I’m going to let you in on a little secret. There are beaches in states along the Eastern Seaboard other than Florida.
Georgia is home to four very popular beach vacation destinations: St. Simon’s Island, Sea Island, Little St. Simon’s Island, and Jekyll Island. The first three beaches will appeal to the nature lover; Jekyll Island is considered more of a “tourist” beach. Still, each beach will have something to capture everyone’s attention.
The New England states of New Hampshire and Massachusetts have their own famous beaches. Hampton Beach in New Hampshire provides 80 nights of concerts that are free of charge. Fireworks are also a weekly occurrence on this beach.
Massachusetts is home to the famous Cape Cod beach. This beach prides itself on maintaining a more laid-back, low-key atmosphere, which is perfect for those who desire a more quieter vacation spot.
Just one state up from Georgia is South Carolina. It, too, has several beach areas—the most popular being Myrtle Beach.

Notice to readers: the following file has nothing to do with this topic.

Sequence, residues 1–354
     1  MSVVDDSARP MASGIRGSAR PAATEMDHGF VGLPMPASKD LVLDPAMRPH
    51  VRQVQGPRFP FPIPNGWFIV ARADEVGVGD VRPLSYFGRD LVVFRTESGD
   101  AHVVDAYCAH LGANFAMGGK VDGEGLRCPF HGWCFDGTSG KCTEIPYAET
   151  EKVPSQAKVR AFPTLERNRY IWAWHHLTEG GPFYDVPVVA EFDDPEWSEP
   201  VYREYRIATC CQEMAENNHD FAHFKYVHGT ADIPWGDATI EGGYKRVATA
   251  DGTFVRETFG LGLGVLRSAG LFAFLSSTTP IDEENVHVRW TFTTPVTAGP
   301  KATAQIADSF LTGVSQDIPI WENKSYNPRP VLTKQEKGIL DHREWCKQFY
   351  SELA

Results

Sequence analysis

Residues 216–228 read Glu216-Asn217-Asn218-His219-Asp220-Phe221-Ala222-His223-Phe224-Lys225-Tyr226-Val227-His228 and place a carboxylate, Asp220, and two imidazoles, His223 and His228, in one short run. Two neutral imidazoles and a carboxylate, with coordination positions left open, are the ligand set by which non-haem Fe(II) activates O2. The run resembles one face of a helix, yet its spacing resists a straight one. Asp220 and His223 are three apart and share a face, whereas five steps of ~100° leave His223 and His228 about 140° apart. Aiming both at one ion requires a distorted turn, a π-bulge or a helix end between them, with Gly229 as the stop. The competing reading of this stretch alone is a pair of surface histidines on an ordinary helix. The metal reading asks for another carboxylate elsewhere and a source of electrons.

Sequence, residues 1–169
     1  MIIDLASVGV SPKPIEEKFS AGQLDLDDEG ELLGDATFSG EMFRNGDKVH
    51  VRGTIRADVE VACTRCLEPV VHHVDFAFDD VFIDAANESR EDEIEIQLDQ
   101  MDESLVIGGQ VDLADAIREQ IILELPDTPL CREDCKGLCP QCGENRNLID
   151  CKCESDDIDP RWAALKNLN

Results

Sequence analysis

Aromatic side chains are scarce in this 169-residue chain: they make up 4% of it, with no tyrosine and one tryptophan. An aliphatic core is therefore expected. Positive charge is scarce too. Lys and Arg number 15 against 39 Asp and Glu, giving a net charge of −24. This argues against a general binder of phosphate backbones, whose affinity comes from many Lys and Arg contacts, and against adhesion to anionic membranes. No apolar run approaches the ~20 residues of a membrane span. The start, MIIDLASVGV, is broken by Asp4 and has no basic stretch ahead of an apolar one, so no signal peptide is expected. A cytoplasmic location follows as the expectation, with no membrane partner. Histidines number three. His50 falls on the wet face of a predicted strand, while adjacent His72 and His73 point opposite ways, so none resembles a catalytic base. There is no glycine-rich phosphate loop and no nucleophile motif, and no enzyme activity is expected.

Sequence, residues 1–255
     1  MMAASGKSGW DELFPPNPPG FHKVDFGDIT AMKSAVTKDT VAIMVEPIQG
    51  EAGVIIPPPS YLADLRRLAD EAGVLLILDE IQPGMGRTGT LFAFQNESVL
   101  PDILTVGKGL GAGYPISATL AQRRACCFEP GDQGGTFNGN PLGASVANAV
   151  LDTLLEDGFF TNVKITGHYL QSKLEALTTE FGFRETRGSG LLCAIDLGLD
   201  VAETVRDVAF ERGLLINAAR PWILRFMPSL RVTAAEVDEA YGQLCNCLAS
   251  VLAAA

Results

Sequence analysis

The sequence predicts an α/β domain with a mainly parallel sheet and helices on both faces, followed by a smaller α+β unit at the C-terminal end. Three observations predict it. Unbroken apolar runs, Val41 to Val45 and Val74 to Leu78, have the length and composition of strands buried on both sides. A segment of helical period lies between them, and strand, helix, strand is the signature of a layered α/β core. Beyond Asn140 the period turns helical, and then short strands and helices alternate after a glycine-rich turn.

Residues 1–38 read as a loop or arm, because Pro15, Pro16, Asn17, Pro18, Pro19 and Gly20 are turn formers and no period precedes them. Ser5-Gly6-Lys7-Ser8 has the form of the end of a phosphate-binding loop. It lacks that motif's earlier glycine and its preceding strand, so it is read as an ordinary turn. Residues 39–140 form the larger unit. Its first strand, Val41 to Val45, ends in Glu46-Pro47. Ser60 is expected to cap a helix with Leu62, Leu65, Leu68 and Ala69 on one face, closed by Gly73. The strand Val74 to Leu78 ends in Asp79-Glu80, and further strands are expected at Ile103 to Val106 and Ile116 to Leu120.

Myrtle Beach is actually divided into North Myrtle Beach and Grand Strand. North Myrtle Beach caters to vacationing families, and indeed strives to maintain its “family-friendly” reputation, while Grand Strand is a little more “upbeat”, shall we say.
The Outer Banks of North Carolina have a rich history and heritage. Settlers on the Outer Banks mysteriously vanished in the 1500s. Their disappearance has led the legend of the “Lost Colony”. The harsh but beautiful coastline is also home to a number of lighthouses—seven to be exact. The Cape Hatteras lighthouse, standing a lofty 208 feet high, is the tallest lighthouse in America.
Virginia Beach, Virginia, is home to a beautiful beach area that is a favorite beach vacation destination for those in Virginia and neighboring states. Families can breathe easier when they visit Virginia Beach, as there are lifeguards on duty from the middle of May until the middle of September.